File: Bank notes
PARIS - The 137 nations trying to hammer out a new global standard for taxing multinational tech firms will not secure a deal by the end of this year as hoped, the OECD acknowledged Monday.
"The glass is half full: the package is nearly ready but there is still no political accord," said Pascal Saint-Amans, head of tax policy at the Paris-based Organization for Economic Cooperation and Development.
But the OECD does expect to finalise a "digital tax" proposal "sometime in 2021," Saint-Amans added, although he acknowledged persistent US resistance to the plan.
Talks have been labouring on for the past two years on how to ensure that tech giants pay a fair share of taxes in the countries where they operate, even if their headquarters are elsewhere.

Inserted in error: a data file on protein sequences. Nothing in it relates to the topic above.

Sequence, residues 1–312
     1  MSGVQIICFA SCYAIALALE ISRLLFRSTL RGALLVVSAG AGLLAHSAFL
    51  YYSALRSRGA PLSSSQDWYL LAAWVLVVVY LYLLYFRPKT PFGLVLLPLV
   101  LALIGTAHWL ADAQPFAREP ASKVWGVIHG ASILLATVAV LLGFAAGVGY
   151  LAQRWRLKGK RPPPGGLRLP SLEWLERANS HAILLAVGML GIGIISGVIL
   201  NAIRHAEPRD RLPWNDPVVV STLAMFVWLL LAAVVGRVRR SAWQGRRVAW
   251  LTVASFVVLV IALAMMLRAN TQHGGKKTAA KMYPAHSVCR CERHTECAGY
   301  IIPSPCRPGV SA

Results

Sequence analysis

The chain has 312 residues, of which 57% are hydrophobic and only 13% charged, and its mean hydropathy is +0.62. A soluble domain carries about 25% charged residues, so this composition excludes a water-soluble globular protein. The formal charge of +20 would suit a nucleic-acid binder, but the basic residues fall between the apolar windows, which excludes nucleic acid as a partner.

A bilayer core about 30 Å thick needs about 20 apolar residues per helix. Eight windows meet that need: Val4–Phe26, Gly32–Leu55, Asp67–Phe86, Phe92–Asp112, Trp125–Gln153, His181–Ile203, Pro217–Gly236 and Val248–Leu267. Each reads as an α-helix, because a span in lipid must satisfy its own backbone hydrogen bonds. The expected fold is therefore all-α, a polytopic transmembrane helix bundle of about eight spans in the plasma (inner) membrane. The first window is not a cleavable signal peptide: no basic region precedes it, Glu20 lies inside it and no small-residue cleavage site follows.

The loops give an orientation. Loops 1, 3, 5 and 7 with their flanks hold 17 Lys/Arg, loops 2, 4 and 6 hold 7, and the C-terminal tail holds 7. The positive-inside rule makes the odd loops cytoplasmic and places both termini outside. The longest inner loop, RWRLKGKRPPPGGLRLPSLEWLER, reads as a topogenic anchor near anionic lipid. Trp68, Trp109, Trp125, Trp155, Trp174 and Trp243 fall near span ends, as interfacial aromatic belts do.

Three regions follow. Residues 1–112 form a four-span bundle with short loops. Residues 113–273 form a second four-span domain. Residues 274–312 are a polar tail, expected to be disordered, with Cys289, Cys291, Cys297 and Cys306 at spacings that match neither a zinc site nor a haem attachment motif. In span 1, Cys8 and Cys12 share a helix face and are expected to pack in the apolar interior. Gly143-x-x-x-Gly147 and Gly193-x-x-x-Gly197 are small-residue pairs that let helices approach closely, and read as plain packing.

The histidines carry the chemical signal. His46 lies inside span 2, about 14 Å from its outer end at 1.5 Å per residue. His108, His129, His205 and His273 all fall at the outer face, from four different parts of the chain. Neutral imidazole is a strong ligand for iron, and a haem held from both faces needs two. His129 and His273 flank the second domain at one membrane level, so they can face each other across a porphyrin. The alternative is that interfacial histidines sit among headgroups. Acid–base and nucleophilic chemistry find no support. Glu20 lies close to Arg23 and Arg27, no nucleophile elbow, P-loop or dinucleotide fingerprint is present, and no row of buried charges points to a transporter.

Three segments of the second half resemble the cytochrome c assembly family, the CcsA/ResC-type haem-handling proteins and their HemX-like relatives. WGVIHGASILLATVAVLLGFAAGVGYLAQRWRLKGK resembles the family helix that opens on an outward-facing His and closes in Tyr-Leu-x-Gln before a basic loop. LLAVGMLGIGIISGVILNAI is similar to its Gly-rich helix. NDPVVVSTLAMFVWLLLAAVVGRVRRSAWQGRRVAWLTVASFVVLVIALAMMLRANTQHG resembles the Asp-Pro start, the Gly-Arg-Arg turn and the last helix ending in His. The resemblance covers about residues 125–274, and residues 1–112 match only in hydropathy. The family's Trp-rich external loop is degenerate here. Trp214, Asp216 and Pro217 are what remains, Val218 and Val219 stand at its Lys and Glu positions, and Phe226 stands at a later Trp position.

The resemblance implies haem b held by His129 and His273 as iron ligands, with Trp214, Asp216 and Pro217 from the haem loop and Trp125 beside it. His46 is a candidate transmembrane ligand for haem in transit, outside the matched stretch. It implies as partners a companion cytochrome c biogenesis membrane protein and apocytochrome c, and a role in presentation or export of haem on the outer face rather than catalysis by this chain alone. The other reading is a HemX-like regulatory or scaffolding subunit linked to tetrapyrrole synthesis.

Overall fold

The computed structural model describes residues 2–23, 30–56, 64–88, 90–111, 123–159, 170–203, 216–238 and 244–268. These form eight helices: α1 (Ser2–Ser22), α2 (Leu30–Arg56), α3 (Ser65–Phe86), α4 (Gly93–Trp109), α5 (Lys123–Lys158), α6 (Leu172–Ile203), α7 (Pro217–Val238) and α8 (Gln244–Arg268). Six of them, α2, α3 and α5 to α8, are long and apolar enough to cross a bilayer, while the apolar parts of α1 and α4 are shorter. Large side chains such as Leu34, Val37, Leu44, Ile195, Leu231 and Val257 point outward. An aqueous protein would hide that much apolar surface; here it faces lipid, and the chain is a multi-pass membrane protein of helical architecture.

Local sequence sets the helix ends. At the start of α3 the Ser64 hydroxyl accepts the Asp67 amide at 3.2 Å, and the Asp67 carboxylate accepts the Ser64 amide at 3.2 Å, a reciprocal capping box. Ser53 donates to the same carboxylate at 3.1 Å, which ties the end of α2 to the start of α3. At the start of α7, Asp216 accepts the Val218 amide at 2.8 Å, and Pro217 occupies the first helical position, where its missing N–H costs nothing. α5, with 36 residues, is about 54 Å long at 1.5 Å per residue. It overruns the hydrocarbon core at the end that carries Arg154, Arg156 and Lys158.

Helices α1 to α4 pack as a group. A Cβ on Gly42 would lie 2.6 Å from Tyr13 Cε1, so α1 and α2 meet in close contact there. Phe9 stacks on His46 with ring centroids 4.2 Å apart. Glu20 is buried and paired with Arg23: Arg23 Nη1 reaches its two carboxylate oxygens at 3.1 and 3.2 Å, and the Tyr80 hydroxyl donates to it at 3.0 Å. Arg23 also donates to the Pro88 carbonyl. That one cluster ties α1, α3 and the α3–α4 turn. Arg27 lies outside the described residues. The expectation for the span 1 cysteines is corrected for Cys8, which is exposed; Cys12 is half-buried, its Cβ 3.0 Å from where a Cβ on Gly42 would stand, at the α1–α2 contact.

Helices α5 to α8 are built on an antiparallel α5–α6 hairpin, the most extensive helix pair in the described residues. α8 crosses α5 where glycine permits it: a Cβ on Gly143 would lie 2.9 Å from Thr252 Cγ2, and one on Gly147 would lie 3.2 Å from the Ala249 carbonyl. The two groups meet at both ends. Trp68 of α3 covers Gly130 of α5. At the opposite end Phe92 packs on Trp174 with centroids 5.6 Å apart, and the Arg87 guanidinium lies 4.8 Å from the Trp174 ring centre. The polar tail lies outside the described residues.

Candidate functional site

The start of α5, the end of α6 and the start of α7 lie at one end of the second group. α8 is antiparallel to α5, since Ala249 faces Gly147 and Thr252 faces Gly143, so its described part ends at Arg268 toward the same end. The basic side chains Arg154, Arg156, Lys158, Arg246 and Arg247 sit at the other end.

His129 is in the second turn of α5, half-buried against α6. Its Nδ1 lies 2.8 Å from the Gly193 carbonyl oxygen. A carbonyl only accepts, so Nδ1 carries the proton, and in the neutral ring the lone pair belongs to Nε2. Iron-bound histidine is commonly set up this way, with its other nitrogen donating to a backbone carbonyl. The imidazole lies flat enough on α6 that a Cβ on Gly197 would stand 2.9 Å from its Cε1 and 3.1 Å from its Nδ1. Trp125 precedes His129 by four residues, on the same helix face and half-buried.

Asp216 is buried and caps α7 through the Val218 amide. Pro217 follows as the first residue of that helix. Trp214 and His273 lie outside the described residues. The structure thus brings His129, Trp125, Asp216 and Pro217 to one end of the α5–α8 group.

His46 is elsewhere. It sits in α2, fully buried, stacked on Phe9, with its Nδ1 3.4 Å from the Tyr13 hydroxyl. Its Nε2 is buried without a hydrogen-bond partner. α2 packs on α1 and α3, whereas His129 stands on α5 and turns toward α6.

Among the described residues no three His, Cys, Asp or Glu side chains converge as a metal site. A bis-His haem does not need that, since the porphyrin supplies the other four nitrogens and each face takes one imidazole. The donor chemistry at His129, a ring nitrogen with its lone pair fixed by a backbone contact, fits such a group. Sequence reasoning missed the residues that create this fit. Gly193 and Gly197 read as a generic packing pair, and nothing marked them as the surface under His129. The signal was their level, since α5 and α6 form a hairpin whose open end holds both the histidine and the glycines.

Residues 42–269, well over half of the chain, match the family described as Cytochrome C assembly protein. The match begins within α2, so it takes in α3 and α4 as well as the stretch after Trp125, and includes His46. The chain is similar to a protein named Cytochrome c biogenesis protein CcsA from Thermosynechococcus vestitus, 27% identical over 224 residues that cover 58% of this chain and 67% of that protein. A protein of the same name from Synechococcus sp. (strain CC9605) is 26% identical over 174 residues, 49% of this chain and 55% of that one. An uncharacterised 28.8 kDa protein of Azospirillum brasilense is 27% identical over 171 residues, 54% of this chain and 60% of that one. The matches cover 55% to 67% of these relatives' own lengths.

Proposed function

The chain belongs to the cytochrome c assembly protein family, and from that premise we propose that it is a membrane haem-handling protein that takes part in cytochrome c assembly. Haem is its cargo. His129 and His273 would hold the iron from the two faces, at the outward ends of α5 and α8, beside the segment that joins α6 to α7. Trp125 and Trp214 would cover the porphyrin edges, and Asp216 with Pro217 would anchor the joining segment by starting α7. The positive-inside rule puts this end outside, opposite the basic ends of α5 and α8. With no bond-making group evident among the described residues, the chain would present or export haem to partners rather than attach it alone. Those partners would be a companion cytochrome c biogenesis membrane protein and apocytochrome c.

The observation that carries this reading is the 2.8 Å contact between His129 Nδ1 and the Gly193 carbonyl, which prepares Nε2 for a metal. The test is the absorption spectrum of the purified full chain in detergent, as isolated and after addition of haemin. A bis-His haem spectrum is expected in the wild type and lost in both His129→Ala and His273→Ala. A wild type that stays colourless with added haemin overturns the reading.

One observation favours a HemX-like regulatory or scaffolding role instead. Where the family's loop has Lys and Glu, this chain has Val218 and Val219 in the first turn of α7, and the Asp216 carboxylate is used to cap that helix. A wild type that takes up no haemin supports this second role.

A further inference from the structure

Public pressure has been growing on governments to clamp down on the tax avoidance strategies used by multinationals such as Google, Amazon, Facebook and Apple -- the so-called "GAFA" -- who are accused of shifting their profits to countries with lower tax rates.
The coronavirus crisis hindered progress this year on implementing a levy, even though "the Covid-19 pandemic makes the need for a solution even more compelling," the OECD said.
Failure to reach a global agreement could prompt some countries to go it alone on digital taxation.
Several European countries including France and Britain have already announced their own levies in the absence of a global accord.
That has infuriated Washington, which says American companies are being unfairly targeted.
"Despite the exceptional circumstances, there are a lot of strong feelings and impatience, and the temptation to take unilateral action faced with a measure that will take years to implement," Saint-Amans said at a press conference at the OECD's headquarters in Paris.